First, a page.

The Kelty TN2 is a solid, relatively inexpensive tent that can handle a variety of conditions well. If you are a stargazer, we think you'll love its mesh canopy and adaptable rain fly. It's comfortable, and its two side doors make it very livable. It's a little heavier than we would prefer, but it's a good value for car campers and weekend backpackers alike.
Kelty TraiLogic TN2 Review
Cons: Difficult to set up with cold fingers, few pockets
Our Analysis and Test Results
The TN2 is heavy on features that we think car campers will enjoy. It is fairly comfortable, not because of its dimensions, but owing mostly to its exceptional door design, head room, and vestibule shape. It was also fairly easy to set up once we got the hang of it. On the other hand, its 5+ pounds make it one of the heavier tents in the review, and some nights spent watching rainwater pool on top of the fly gave us pause about its weather resistance.
The TN2 has a few features really going for it. It has two side doors of different sizes. Though still plenty functional, one of them is smaller than those on the REI Half Dome 2 Plus and the Nemo Dagger 2P. The other door is massive, taking up almost the entire side wall of the tent, which our taller testers appreciated. It also makes it very easy to maneuver in and out without disturbing your tentmate. The two corresponding vestibules also offer plenty of room to store gear outside of the tent.
For everything the TN2 does right though, it seems like there is a detail that diminishes what could otherwise be a stellar tent. It measures in at 84 inches long, but the gentle angle of the end walls make it feel even shorter than that. Our 6" tall testers found that their heads and feet were often dubiously close to the ends of the tent, which was primarily problematic in the rain.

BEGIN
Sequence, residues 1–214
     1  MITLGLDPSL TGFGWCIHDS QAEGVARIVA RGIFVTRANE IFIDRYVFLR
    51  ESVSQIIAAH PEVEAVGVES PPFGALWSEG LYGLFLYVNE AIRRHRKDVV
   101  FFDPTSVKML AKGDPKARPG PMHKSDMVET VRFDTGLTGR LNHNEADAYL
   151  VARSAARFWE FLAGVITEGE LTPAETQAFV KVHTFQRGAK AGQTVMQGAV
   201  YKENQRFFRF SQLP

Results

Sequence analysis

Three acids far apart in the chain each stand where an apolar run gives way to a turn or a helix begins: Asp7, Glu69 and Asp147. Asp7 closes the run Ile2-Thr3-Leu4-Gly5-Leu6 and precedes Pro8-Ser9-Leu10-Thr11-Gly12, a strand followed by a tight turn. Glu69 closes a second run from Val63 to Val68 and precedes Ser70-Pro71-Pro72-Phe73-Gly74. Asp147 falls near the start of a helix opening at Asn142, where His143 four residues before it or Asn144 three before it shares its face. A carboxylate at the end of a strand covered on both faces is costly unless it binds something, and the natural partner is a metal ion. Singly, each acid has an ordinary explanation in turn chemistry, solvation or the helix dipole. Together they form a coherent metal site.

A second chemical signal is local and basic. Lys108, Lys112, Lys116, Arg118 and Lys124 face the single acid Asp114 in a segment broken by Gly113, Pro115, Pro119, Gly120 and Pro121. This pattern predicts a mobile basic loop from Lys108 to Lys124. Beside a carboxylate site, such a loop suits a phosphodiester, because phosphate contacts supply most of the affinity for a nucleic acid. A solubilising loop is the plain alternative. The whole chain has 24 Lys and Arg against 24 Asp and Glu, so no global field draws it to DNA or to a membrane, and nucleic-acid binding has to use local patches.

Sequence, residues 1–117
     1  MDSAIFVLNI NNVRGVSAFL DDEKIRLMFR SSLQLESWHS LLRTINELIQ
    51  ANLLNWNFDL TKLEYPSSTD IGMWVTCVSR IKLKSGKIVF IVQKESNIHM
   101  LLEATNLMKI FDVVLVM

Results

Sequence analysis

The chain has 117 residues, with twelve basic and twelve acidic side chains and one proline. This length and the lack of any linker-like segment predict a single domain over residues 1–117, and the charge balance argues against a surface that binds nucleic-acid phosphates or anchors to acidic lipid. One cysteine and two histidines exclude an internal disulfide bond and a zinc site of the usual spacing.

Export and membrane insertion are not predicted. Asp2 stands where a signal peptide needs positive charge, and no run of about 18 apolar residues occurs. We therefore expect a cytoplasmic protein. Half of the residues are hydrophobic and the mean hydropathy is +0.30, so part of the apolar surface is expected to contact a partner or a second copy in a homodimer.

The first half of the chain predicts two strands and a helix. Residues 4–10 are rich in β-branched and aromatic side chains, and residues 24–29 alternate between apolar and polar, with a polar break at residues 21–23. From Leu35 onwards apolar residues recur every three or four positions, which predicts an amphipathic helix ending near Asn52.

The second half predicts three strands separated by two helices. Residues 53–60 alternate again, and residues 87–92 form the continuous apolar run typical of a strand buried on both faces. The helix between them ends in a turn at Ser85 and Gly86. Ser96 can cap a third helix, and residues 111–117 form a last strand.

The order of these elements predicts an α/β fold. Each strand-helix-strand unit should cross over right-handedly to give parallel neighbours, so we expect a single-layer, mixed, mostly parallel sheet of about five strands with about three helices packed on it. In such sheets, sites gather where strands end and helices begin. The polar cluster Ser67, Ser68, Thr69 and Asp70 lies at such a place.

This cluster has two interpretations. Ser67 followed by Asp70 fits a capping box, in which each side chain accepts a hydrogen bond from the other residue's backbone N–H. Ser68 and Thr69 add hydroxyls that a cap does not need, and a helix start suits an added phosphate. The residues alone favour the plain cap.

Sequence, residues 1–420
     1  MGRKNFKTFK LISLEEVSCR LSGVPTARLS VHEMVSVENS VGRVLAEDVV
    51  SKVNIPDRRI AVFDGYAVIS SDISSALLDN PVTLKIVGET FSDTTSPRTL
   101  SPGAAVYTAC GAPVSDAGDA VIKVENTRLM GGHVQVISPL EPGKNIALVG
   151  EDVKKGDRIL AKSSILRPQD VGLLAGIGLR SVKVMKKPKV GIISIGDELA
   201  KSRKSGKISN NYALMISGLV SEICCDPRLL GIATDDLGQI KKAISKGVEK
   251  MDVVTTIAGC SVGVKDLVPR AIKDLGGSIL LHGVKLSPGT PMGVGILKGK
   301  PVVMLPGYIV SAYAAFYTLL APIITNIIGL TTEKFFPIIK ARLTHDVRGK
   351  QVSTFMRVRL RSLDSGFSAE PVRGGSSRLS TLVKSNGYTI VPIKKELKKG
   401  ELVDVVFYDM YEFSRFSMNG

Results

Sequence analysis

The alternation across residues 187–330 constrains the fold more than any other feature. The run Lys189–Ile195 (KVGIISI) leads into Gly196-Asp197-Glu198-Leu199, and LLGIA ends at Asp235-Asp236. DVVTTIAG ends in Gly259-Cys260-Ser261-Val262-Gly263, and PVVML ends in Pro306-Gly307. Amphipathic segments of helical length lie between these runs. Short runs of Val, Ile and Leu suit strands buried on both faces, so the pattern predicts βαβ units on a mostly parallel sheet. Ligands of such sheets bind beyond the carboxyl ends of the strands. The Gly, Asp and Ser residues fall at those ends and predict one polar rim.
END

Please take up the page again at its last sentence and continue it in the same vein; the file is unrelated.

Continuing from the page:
Kelty advertises its Stargazing Fly-- meant to facilitate taking in the nighttime scenery before bedtime, with the ability to roll it down without getting out of your tent. While this claim is technically true — it is easy to roll down the fly — it's not that easy to clip it back into place at the tent corners, and not even really possible to stake out the vestibules again without leaving the tent. On warm, clear nights, the TN2 can be a dream, but if weather rolls in fast, you better be prepared to do a little work.
We also feel that the TN2 could use some more interior storage pockets. There are two at the head of the tent, which each accommodate a headlight, and that's about it. Given that this model is already pushing five pounds and isn't a lightweight contender, it's a little puzzling that Kelty chose to opt out of a couple of extra ounces of mesh for a few more pockets.
Ease of Set Up
Kelty has some innovative design features, but not all of them were easy to use. We love that it comes with enough substantial Nobendium stakes (ten of them, in fact!) to stake out the entire tent, including the two guy points at the ends of the fly. The tent is asymmetrical though, which means the orientation of the poles and fly matter. They are color coded, which is nice, but it takes a few tries to feel confident that everything is lined up correctly when pitching it.